Posted on February 9, 2009
Filed Under >Adil Najam, Books, People
14 Comments
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14 responses to “Books: Daniyal Mueenuddin’s ‘In Other Rooms, Other Wonders’

  1. Talha says:

    Daniyal Moeenuddin is clearly the top young writer in Pakistan as his recent award proved.

  2. Arifa says:

    Congratulations to Daniyal Moeenuddin for the awards he has been winning. I first heard of his writings here at ATP and have become a big fan since reading his book.

  3. wasiq says:

    I revised my earlier reading of Mueenuddin’s jewel like stories and decided to tell all on http://www.chowk.com. To read my review check:

    http://chowk.com/articles/book-review-daniyal-muee nuddin-quotin-other-rooms-other-wondersquot-wasiq- bokhari.htm

  4. bonobashi says:

    As our North Asian friends no doubt never say, Dratski! Just when I’d finished reading ‘Exploding Mangoes’. Back to the bookstores….

    Dalrymple’s comment was interesting: Indian writing in English has tended to be a little boring of late. No doubt it sells well in the West to burrow deep into our slums, but neither Adiga nor the new kid on the block is worth shelling out money. Adiga on Delhi, writing on Indian slums and the underworld from an Australian safe haven, is doubly incongruous, rather strongly built from within. It’d be nice to read something close to the author, something within personal viewing distance of the author.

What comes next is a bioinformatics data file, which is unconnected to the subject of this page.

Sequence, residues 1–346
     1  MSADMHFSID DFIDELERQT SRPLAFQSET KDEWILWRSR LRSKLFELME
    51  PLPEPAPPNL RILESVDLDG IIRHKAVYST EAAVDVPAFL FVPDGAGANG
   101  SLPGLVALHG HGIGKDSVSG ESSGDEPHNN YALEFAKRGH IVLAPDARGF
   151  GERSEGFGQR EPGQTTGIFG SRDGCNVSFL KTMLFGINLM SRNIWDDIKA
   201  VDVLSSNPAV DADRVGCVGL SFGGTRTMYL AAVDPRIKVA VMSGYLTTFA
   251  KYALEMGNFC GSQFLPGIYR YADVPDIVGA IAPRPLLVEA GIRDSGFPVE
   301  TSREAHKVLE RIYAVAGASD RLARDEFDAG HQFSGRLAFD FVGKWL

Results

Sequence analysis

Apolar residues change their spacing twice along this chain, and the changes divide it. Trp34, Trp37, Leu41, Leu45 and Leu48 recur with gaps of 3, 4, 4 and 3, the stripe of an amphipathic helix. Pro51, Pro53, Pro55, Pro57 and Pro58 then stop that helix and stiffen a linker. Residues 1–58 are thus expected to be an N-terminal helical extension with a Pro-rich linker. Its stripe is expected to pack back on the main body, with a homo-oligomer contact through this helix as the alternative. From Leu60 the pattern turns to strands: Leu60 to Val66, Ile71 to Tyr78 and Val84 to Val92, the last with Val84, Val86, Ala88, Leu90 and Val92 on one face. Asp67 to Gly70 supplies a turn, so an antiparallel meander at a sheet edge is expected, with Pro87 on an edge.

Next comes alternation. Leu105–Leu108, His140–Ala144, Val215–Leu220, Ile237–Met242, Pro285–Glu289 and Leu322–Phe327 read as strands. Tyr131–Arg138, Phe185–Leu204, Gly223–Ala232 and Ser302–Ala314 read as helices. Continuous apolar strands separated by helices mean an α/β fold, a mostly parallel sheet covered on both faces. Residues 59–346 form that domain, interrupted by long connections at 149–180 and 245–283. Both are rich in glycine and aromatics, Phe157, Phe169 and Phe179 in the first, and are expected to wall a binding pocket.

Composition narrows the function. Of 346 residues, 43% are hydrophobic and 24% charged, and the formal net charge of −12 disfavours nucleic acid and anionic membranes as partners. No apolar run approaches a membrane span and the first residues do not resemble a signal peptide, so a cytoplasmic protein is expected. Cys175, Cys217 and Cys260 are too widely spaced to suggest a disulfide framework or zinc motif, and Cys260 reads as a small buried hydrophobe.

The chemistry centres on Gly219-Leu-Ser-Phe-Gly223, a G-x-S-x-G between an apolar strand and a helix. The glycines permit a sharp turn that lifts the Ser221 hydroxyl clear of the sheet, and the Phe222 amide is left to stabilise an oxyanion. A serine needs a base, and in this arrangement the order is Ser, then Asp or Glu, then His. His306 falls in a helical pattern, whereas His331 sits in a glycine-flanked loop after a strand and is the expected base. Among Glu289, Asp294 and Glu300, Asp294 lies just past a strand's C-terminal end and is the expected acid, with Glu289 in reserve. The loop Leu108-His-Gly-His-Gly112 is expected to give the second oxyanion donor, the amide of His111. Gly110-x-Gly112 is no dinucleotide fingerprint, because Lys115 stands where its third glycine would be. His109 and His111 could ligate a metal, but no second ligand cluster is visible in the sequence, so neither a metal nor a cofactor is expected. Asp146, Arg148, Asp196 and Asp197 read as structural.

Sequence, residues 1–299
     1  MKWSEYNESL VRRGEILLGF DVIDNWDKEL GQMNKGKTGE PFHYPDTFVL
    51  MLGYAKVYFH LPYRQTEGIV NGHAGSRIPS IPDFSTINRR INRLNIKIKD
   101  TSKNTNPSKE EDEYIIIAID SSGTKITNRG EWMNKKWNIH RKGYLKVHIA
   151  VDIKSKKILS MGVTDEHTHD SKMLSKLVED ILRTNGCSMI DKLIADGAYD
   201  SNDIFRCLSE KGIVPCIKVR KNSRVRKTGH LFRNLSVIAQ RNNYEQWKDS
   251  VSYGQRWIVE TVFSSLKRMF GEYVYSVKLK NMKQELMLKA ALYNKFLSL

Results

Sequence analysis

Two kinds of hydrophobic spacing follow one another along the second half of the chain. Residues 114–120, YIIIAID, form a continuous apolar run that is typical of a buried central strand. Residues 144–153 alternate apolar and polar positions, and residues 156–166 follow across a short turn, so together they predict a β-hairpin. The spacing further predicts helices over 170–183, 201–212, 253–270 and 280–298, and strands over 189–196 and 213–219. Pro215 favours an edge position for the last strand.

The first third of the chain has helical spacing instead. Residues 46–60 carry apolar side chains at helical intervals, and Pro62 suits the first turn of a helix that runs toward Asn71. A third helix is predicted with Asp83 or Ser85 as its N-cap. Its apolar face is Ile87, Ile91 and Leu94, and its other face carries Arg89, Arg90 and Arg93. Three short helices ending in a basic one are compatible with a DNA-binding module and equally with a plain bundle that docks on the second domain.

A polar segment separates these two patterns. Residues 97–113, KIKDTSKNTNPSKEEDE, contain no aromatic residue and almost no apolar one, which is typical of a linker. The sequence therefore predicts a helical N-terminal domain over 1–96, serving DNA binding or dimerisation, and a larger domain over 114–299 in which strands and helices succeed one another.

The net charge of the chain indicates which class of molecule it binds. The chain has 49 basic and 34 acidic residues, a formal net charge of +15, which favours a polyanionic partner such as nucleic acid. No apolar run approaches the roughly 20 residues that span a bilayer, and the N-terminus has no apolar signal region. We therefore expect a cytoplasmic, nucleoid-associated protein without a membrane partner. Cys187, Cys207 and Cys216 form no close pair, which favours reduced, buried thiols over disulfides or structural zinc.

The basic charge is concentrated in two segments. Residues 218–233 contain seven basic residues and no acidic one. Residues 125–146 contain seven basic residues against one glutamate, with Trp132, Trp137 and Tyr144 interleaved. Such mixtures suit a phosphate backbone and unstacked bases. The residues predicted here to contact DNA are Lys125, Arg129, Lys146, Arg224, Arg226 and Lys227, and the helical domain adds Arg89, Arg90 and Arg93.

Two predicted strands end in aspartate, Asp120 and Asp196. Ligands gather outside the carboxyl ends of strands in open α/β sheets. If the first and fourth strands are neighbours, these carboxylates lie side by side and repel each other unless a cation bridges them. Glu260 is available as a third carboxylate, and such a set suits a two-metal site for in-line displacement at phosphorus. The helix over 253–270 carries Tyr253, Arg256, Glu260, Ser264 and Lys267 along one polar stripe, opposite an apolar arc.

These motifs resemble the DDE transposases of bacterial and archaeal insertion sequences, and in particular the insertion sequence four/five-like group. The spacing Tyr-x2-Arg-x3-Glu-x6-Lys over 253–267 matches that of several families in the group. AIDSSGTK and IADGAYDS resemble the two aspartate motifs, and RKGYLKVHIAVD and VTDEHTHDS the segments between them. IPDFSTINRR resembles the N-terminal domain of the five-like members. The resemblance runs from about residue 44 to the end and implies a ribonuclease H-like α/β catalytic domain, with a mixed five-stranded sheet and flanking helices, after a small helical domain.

Incidentally, Hanif has helped me get in touch with parts of the extended family that had vanished from my ken nearly 20 years ago. Just the day I finished, my nephew borrowed it. It lasted with him all of three days, then his mother, my cousin, appropriated it. Yesterday, I was sent warm thanks on SMS from a long-forgotten uncle, who had got it from his brother-in-law, who borrowed it from my cousin – you get the general picture.

    Perhaps mimeographing it might have been an intelligent answer.

    Dare I buy Mueenuddin? Of course. Hanif is easy for our lazy, sweet-cosseted tongues to pronounce; besides, his name reversed is a hallowed name in cricket, isn’t it? The original little master. I am likely to be safer with Mueenuddin.

    Here goes then…